Healy noted the additional complexity caused by the issue of moving targets: "Our difficulty when measuring the shortfall is that demand is moving all the time, so 40 per cent of a moving target is going to be a higher installed capacity by 2020… and we're not thinking about that. We need a steady stream of renewables coming onto the system and we need sufficient planning, grid engagement and regulatory action to make sure that we have rules in place to allow us to continue to invest in renewables. We're only one of four countries highlighted by the EU already as countries that will miss that 16% target. "We've made a lot of progress, but I think we could have done an awful lot more and we can do an awful lot more before 2020." The IWEA chief said that policy certainty and clear guidelines were crucial to the renewable-energy sector in this country. He opined that policy certainty and political leadership had been "missing for the past year or two" and that this was a factor in missing our 2020 energy targets. Healy outlined how a lot of policy work still needs to be done: "We have to ask a lot of questions with regard to the proposed Eirgrid scenarios. How are we going to change behaviour of the consumer? How are we going to ensure there is sufficient capacity on the grid to allow more renewables? Those questions still remain as we move toward 2020 and beyond. These are the questions we should be asking now, not waiting until 2020." He acknowledged that social acceptance is a challenge for the renewables industry and one of the key features of recent years has been the amount of negative publicity the IWEA has received from communities feeling they have had renewable energy 'imposed' on them. "One of the things that we're trying to do now in relation to this is to work more with communities... not just what we can do, but on issues like community benefits, issues of ownership and trying to make sure that communities at a very early stage of planning are involved in what we're trying to do as an industry." He cited case studies from Denmark and in Scotland, where communities have been involved in ownership. "We also have issues around how communities benefit in terms of discounted electricity and making people feel that they're actually reaping the reward for the wind turbine that they see outside their window in terms of cheaper electricity."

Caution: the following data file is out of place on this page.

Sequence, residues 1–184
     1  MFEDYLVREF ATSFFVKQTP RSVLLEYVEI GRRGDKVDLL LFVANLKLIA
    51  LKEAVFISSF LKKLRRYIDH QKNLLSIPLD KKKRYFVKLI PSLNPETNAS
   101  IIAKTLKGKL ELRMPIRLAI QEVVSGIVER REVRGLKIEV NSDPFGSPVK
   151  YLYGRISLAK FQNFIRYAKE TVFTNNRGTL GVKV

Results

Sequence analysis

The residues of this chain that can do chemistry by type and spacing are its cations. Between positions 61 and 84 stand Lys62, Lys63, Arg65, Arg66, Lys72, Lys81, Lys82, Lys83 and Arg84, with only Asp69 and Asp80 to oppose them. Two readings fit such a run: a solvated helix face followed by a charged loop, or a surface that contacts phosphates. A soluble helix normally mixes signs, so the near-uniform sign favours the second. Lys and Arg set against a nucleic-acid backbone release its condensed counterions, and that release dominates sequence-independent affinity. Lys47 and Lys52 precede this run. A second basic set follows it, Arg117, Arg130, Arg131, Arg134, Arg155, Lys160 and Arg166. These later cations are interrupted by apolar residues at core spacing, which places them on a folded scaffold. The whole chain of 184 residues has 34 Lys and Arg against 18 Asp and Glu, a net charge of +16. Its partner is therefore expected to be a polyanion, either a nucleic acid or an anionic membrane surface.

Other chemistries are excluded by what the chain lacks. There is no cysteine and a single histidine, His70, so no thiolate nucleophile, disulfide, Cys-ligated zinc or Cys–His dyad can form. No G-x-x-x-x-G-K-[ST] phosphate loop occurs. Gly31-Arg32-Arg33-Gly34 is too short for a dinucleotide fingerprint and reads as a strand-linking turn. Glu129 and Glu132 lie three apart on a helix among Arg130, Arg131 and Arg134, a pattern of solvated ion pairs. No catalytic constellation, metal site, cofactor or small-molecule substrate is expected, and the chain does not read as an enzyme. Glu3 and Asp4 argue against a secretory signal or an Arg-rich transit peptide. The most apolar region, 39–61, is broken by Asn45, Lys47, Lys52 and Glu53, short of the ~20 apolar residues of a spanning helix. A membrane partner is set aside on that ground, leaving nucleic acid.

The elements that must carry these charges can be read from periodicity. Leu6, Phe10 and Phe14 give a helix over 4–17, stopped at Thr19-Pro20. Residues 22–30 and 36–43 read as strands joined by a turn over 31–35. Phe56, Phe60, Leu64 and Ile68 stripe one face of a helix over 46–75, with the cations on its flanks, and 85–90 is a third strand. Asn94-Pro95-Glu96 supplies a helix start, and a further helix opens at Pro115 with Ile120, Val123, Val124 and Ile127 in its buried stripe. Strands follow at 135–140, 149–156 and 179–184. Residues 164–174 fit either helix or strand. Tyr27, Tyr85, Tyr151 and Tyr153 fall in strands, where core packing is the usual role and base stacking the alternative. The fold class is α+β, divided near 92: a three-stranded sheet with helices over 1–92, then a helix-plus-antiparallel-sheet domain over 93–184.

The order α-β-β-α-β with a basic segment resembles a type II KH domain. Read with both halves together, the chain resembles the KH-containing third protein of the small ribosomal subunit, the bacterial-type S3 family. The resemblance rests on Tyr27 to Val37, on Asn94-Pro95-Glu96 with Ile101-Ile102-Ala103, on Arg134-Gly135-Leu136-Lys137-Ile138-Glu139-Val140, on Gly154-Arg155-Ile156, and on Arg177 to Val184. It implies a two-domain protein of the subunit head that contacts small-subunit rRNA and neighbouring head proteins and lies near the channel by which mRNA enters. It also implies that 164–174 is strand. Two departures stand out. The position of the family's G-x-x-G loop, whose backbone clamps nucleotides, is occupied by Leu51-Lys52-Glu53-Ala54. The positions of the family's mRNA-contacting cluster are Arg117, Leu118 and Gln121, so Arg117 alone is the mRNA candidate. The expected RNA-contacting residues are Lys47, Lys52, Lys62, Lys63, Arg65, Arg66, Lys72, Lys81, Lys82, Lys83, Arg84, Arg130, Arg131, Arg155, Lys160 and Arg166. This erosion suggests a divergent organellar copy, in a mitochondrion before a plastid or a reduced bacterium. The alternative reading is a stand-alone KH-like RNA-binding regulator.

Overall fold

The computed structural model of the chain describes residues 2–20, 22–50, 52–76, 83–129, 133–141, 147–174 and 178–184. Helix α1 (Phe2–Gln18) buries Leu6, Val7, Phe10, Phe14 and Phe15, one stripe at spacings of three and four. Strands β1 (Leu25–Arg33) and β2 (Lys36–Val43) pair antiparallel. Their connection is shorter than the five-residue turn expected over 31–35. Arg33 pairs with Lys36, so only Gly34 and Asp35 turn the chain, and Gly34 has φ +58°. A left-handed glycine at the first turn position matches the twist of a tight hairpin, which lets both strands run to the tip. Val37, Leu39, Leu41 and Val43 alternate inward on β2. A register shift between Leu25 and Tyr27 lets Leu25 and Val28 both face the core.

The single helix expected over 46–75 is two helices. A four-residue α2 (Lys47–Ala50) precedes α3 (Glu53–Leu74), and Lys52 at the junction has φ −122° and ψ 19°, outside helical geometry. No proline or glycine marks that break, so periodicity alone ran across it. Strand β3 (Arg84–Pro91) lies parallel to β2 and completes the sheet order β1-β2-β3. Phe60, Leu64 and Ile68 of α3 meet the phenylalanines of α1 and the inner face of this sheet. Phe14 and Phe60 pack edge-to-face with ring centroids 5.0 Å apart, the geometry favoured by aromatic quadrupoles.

Challenges for industries and communities

"It’s a challenge to us as an industry and we're reaching out to our membership base and we are reaching out to communities," said Healy. "We're are talking to a number of stakeholders and the Sustainable Energy Authority of Ireland around how we can improve this. "We very much welcome the code of practice that came out from [Minister for Communications, Climate Action and Environment] Denis Naughten at the end of last year. We set out a number of things that we need to do – for example, having local representatives and having a clear transparent process with communities – and we'll be working through all of that in the summer months. "A lot of projects are going to be built this year, so we expect to have a lot of engagement with communities as they start to see wind turbines being built. From that perspective, we need to make sure that we get that right," concluded Healy.